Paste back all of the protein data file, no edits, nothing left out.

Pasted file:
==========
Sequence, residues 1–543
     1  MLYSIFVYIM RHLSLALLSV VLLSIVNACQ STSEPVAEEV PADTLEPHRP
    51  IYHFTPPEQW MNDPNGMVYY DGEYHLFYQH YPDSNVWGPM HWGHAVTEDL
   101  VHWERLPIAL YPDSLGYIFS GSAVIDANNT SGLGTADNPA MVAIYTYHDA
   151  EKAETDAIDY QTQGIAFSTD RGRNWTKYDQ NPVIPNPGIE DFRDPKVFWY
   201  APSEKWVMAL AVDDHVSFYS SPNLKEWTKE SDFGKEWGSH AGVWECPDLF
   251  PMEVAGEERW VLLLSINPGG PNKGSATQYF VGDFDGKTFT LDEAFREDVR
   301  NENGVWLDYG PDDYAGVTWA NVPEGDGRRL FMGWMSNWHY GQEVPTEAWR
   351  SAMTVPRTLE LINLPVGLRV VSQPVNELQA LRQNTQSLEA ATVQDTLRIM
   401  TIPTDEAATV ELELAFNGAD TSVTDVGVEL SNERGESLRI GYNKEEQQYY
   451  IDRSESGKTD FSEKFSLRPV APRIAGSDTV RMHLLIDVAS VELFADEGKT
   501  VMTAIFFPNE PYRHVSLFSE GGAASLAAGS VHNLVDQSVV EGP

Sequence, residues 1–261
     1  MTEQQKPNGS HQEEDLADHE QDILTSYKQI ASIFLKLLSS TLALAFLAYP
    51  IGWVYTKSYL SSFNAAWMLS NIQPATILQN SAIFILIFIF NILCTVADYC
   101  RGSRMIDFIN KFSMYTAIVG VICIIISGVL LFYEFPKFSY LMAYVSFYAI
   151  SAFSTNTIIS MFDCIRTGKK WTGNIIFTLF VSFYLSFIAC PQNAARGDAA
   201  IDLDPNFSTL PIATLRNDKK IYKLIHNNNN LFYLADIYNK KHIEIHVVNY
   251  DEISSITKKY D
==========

Sequence, residues 1–543
     1  MLYSIFVYIM RHLSLALLSV VLLSIVNACQ STSEPVAEEV PADTLEPHRP
    51  IYHFTPPEQW MNDPNGMVYY DGEYHLFYQH YPDSNVWGPM HWGHAVTEDL
   101  VHWERLPIAL YPDSLGYIFS GSAVIDANNT SGLGTADNPA MVAIYTYHDA
   151  EKAETDAIDY QTQGIAFSTD RGRNWTKYDQ NPVIPNPGIE DFRDPKVFWY
   201  APSEKWVMAL AVDDHVSFYS SPNLKEWTKE SDFGKEWGSH AGVWECPDLF
   251  PMEVAGEERW VLLLSINPGG PNKGSATQYF VGDFDGKTFT LDEAFREDVR
   301  NENGVWLDYG PDDYAGVTWA NVPEGDGRRL FMGWMSNWHY GQEVPTEAWR
   351  SAMTVPRTLE LINLPVGLRV VSQPVNELQA LRQNTQSLEA ATVQDTLRIM
   401  TIPTDEAATV ELELAFNGAD TSVTDVGVEL SNERGESLRI GYNKEEQQYY
   451  IDRSESGKTD FSEKFSLRPV APRIAGSDTV RMHLLIDVAS VELFADEGKT
   501  VMTAIFFPNE PYRHVSLFSE GGAASLAAGS VHNLVDQSVV EGP

Sequence, residues 1–261
     1  MTEQQKPNGS HQEEDLADHE QDILTSYKQI ASIFLKLLSS TLALAFLAYP
    51  IGWVYTKSYL SSFNAAWMLS NIQPATILQN SAIFILIFIF NILCTVADYC
   101  RGSRMIDFIN KFSMYTAIVG VICIIISGVL LFYEFPKFSY LMAYVSFYAI
   151  SAFSTNTIIS MFDCIRTGKK WTGNIIFTLF VSFYLSFIAC PQNAARGDAA
   201  IDLDPNFSTL PIATLRNDKK IYKLIHNNNN LFYLADIYNK KHIEIHVVNY
   251  DEISSITKKY D